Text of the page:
SSL certificates are gatekeepers of internet security. These digital entities secure information by performing the two following functions:
Encryption: SSL certificates encrypt data in transit using Secure Sockets Layer (SSL) technology. This means the communication between you and the website you've reached out to remains absolutely private.
Authentication: SSL certificates certify the validity of an organization so you can be sure that you've reached the correct website and feel safe sharing any private information.
SSL certificates are generally issued by trusted third parties called Certificate Authorities (CAs), which ensure that a website is legitimate.
SSL certificates can also be issued within an organization itself, meaning you can generate your own certificates using tools such as OpenSSL or Keytool. Such certificates are called self-signed certificates. While it might appear quite easy and safe to use your own certificates, there is a huge amount of risk involved with self-signed certificates. But when you're the master of your own private keys, how could they not be safe?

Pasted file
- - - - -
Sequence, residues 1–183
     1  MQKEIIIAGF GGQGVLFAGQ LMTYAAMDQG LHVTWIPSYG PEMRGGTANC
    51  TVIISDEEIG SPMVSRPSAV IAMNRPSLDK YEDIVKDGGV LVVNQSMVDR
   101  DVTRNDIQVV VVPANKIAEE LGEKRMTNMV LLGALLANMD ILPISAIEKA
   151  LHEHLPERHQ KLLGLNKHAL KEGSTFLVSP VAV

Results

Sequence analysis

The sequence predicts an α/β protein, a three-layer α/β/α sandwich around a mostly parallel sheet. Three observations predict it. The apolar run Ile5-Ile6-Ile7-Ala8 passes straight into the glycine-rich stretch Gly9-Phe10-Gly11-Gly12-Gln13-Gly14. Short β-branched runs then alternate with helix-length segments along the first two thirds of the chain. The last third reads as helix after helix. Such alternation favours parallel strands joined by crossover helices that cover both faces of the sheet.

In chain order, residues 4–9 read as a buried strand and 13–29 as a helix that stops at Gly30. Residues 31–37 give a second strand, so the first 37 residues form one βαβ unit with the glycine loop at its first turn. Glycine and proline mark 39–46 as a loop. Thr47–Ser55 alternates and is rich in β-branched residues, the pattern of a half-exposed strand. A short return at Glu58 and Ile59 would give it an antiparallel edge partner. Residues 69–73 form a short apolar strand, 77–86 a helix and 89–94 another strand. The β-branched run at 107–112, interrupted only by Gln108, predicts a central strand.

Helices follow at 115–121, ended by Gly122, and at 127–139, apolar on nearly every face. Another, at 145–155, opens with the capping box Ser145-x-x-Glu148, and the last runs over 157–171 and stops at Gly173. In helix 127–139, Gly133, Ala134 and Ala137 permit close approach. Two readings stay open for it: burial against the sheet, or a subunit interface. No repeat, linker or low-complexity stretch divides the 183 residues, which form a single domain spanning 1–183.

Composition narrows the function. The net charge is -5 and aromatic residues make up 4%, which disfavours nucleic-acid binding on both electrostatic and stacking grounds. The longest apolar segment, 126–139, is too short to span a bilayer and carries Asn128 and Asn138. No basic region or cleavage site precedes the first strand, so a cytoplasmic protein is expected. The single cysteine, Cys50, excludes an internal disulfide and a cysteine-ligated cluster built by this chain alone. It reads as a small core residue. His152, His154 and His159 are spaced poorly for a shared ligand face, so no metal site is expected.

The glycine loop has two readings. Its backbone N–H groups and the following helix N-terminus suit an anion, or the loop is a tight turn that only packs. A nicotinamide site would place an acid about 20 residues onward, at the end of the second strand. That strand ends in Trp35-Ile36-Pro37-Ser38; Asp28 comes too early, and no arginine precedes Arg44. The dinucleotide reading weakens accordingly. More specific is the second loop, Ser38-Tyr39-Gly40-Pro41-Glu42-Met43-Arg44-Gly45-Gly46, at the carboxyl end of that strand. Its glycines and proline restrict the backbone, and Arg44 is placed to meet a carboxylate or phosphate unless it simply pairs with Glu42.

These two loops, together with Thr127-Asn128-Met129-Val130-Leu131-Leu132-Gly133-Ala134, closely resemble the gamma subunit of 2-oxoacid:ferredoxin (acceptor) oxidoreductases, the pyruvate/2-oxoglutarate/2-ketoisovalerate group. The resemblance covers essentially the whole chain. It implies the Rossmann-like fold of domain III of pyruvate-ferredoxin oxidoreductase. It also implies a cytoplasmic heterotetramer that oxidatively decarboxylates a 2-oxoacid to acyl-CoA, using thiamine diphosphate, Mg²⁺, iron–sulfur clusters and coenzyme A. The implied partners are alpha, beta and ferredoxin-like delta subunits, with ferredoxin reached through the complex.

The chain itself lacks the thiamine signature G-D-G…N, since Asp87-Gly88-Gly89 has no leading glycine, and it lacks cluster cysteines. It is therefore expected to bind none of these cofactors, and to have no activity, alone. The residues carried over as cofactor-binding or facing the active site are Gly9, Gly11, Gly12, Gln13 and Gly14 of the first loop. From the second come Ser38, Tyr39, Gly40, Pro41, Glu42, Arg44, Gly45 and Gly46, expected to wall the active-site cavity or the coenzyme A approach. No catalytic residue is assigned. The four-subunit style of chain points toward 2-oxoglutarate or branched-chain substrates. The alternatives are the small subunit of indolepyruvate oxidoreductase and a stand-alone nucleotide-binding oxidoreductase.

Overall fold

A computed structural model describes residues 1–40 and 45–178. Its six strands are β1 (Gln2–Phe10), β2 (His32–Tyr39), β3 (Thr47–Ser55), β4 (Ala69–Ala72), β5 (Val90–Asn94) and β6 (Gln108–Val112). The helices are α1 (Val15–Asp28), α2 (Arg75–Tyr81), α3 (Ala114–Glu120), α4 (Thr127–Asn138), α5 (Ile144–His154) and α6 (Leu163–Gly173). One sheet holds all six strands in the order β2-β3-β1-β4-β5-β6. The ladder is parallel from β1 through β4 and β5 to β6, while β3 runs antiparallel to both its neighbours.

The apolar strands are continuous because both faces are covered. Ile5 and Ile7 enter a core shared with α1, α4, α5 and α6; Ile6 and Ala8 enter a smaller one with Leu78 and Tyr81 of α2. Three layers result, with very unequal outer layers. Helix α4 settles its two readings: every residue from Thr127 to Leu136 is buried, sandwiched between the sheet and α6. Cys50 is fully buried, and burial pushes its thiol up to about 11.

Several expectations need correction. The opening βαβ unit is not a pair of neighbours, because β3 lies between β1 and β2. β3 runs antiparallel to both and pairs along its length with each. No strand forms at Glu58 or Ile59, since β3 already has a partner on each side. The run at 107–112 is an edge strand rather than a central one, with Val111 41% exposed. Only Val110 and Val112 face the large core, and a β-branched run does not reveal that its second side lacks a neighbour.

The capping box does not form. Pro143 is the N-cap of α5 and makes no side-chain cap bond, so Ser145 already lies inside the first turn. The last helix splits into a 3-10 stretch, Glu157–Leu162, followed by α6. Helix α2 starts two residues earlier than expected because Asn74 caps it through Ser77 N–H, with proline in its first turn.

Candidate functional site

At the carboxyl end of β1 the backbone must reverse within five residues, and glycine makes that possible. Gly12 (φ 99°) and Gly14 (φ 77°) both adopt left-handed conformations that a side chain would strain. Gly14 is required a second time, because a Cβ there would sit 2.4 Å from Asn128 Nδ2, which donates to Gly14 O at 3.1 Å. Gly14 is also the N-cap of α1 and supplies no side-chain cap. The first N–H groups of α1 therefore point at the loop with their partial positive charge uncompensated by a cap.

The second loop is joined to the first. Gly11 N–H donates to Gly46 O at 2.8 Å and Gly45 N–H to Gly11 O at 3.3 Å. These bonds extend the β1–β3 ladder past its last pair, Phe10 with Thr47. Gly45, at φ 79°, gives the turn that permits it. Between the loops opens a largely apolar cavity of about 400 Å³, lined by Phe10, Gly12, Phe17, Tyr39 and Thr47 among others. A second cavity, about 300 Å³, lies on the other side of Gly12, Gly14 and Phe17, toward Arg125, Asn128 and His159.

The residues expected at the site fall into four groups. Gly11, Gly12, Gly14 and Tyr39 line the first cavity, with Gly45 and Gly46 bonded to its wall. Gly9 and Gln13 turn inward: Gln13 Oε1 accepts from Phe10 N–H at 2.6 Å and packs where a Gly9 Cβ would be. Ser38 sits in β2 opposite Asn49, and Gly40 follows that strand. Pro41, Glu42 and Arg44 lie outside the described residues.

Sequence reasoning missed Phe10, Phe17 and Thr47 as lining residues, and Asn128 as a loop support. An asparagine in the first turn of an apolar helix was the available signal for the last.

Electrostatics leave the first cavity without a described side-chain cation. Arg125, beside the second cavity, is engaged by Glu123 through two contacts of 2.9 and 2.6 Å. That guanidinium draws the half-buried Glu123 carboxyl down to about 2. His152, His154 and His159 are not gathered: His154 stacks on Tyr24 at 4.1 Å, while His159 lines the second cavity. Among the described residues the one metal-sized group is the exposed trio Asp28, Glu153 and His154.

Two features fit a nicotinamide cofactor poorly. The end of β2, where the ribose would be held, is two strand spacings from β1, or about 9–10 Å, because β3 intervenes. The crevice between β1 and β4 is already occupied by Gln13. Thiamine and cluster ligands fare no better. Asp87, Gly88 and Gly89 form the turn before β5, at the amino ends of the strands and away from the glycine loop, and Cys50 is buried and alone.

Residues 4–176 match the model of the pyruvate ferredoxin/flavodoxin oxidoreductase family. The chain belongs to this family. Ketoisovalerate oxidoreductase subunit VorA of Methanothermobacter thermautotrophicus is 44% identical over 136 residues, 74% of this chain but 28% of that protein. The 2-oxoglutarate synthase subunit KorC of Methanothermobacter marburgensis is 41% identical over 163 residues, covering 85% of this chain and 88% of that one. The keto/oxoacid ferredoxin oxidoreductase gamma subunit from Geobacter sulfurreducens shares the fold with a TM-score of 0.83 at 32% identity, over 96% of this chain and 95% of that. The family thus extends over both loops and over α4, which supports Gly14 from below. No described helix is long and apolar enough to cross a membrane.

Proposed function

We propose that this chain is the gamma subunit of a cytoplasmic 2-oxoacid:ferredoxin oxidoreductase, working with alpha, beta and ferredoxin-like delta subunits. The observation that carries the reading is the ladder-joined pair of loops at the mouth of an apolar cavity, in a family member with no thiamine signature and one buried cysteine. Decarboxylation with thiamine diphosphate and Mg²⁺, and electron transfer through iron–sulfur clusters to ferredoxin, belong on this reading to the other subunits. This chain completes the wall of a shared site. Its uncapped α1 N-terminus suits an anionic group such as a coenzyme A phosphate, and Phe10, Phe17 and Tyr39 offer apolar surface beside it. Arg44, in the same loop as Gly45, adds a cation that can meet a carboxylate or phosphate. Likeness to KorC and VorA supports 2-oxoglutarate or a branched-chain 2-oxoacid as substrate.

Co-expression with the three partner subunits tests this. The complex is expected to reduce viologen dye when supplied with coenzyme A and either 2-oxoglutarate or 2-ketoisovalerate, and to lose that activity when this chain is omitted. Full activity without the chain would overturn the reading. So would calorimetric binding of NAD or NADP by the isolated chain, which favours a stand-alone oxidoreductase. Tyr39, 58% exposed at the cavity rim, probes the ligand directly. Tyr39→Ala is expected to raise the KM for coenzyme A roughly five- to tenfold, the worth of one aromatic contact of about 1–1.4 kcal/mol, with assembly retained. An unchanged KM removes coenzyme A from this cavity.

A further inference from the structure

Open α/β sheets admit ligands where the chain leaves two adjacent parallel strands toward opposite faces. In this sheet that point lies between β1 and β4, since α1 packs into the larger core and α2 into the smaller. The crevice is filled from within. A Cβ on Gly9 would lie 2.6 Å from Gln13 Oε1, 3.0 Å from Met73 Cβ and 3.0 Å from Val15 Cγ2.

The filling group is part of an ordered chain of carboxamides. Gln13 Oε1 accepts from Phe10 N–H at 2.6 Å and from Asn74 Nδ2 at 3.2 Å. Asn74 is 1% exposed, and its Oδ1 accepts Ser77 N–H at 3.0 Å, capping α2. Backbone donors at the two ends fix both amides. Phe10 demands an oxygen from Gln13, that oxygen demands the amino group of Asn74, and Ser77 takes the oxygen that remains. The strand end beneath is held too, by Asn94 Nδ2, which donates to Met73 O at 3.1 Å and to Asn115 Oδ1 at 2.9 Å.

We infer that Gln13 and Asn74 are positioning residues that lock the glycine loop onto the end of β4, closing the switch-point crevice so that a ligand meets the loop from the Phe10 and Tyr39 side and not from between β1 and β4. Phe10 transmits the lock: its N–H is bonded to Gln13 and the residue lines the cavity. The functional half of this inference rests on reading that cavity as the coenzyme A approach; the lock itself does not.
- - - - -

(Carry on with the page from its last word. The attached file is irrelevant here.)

Here's why you shouldn't use self-signed certificates on your websites:
If you're using self-signed certificates on your websites, you have to run a scan, filter the self-signed certificates, and replace them with certificates issued by a trusted CA. Although this process is daunting and error-prone, an automated certificate management solution can remove all the hassle.
Key Manager Plus, a web-based SSH key and SSL certificate management solution, simplifies the entire process. Using Key Manager Plus you can:
In addition, Key Manager Plus is integrated with the CA Let's Encrypt, so you can acquire Let's Encrypt certificates and install them on your websites directly from Key Manager Plus. That way, Key Manager Plus breaks down the whole process of filtering and replacing self-signed certificates into a few simple steps. Click here to learn more about our Let's Encrypt integration.
So go ahead and click here to give the trial version of Key Manager Plus a shot! If you have any questions or need assistance, please email us at firstname.lastname@example.org.